Bioenergetic effects of hydrogen sulfide suppress soluble Flt-1 and soluble endoglin in cystathionine gamma-lyase compromised endothelial cells

Lissette Carolina Sanchez-Aranguren, Shakil Ahmad, Irundika H. K. Dias, Faisal A. Alzahrani, Homira Rezai, Keqing Wang, Asif Ahmed*

*Corresponding author for this work

Research output: Contribution to journalArticlepeer-review

Abstract

Endothelial dysfunction is a hallmark of preeclampsia, a life-threatening complication of pregnancy characterised by hypertension and elevated soluble Fms-Like Tyrosine Kinase-1 (sFlt-1). Dysregulation of hydrogen sulfide (H 2S) by inhibition of cystathionine γ-lyase (CSE) increases sFlt-1 and soluble endoglin (sEng) release. We explored whether compromise in CSE/H 2S pathway is linked to dysregulation of the mitochondrial bioenergetics and oxidative status. We investigated whether these effects were linked to CSE-induced sFlt-1 and sEng production in endothelial cells. Here, we demonstrate that CSE/H 2S pathway sustain endothelial mitochondrial bioenergetics and loss of CSE increases the production of mitochondrial-specific superoxide. As a compensatory effect, low CSE environment enhances the reliance on glycolysis. The mitochondrial-targeted H 2S donor, AP39, suppressed the antiangiogenic response and restored the mitochondrial bioenergetics in endothelial cells. AP39 revealed that upregulation of sFlt-1, but not sEng, is independent of the mitochondrial H 2S metabolising enzyme, SQR. These data provide new insights into the molecular mechanisms for antiangiogenic upregulation in a mitochondrial-driven environment. Targeting H 2S to the mitochondria may be of therapeutic benefit in the prevention of endothelial dysfunction associated with preeclampsia.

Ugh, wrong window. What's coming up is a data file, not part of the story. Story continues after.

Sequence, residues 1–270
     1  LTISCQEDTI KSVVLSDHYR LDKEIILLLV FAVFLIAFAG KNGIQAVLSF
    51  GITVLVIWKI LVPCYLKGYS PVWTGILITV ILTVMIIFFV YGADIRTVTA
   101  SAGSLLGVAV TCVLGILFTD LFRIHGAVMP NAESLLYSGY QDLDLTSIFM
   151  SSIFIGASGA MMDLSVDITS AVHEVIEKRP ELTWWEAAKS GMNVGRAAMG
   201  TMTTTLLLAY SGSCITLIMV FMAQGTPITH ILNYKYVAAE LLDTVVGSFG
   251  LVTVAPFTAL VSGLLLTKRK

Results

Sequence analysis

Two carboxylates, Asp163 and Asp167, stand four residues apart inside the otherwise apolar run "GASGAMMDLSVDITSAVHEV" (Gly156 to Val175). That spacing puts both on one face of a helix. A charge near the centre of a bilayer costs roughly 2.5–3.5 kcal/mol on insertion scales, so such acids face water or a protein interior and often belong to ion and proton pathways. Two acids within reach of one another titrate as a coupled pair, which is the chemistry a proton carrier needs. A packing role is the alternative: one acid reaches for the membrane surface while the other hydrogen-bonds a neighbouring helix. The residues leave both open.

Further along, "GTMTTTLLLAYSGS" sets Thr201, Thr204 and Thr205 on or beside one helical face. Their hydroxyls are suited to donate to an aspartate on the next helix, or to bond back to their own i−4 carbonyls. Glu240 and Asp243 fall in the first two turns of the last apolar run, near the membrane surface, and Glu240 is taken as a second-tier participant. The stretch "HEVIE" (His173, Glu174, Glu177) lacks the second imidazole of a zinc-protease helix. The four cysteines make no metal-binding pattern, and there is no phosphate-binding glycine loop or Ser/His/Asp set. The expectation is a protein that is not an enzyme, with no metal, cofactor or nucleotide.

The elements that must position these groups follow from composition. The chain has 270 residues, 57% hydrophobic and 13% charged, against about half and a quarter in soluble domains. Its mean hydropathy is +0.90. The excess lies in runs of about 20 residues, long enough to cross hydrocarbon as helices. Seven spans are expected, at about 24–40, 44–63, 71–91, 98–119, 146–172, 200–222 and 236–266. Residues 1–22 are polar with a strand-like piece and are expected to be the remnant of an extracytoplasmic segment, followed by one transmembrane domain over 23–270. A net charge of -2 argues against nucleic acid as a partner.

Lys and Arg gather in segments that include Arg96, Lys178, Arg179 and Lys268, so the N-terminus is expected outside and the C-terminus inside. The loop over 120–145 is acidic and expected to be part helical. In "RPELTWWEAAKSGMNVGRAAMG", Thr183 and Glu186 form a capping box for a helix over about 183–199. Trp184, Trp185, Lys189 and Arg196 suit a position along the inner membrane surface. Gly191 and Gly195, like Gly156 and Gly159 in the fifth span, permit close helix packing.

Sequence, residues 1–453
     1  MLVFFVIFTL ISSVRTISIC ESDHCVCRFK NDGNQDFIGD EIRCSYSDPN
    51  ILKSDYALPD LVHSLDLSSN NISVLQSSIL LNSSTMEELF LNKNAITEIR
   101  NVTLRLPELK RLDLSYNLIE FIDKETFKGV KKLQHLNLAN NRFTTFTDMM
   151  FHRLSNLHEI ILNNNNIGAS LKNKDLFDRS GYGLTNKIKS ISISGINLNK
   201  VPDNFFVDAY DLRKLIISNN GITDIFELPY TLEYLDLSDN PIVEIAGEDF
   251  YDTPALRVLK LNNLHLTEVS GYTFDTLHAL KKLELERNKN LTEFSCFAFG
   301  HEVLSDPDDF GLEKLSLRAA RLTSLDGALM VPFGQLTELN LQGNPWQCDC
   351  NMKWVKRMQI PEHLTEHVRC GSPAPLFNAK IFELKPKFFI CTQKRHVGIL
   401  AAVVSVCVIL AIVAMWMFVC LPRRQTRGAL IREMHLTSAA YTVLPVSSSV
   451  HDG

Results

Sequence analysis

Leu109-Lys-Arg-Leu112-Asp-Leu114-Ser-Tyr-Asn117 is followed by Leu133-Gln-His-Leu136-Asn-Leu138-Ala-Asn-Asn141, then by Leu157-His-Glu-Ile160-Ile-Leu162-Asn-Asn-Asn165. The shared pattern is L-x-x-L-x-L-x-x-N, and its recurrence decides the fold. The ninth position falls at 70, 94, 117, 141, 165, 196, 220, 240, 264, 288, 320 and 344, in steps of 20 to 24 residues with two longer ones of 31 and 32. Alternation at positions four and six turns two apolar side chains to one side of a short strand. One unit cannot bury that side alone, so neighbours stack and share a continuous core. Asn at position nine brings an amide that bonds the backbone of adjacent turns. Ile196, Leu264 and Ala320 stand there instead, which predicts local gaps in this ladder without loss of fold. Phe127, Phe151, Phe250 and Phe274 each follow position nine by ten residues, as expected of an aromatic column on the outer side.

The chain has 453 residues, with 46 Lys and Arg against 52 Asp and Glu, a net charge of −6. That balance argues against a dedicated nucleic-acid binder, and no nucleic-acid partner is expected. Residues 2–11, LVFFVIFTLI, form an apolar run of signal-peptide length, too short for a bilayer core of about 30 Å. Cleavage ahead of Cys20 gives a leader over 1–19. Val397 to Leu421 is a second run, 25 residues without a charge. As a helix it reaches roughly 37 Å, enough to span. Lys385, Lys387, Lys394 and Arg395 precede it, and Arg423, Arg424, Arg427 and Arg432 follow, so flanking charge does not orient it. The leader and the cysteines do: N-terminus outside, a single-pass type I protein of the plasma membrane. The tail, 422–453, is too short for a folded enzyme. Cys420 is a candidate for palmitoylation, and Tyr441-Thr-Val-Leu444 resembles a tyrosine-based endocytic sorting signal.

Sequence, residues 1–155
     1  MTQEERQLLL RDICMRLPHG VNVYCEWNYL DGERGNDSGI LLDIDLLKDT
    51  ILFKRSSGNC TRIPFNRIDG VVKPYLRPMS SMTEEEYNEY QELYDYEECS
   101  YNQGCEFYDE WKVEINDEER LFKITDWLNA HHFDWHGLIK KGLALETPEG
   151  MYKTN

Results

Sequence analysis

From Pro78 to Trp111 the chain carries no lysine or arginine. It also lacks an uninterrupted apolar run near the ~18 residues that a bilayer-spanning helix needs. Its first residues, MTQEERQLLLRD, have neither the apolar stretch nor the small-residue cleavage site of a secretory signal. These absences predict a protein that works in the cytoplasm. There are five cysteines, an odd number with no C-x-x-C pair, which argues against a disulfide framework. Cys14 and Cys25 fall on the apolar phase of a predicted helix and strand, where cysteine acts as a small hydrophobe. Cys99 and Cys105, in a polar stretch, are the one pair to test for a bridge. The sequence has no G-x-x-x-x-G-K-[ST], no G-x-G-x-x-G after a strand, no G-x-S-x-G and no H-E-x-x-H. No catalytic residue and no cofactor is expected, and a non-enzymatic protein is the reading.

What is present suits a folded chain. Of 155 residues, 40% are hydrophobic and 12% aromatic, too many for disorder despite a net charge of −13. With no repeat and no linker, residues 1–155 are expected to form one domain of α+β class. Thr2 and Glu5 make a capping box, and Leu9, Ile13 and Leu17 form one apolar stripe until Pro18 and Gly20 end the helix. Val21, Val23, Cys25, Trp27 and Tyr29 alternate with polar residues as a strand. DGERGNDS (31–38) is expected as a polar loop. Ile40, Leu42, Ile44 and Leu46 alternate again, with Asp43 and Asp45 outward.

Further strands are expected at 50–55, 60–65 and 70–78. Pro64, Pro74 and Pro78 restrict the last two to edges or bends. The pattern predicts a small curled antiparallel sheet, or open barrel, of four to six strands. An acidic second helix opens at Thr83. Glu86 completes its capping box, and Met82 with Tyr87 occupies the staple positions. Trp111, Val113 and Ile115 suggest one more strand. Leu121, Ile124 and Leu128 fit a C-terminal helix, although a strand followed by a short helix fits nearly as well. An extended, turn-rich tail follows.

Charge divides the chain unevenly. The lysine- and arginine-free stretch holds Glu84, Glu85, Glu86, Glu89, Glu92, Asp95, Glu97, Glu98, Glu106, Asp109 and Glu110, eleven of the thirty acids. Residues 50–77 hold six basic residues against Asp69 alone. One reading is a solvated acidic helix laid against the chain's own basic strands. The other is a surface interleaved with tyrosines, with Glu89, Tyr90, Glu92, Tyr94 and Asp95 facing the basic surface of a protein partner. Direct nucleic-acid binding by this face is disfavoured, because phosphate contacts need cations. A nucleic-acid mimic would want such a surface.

Original languageEnglish
Article number15810
JournalScientific Reports
Volume10
Issue number1
DOIs
Publication statusPublished - 25 Sep 2020

Bibliographical note

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Funding: L.S.A. is a 50th Anniversary Aston Prize Fellow supported by Aston Medical School 2018 Award to S.A. and A.A. We thank the School of Life and Health Science School for giving us access to their XF24 Seahorse Analyzer. This work was supported in part by grants from the British Heart Foundation (FS/15/72/31676) and Medical Research Council (G0700288) to A.A. and K.W. and the Deanship of Scientific Research, King Abdulaziz University grant (KEP-42-130-39) to F.A.A. and A.A.

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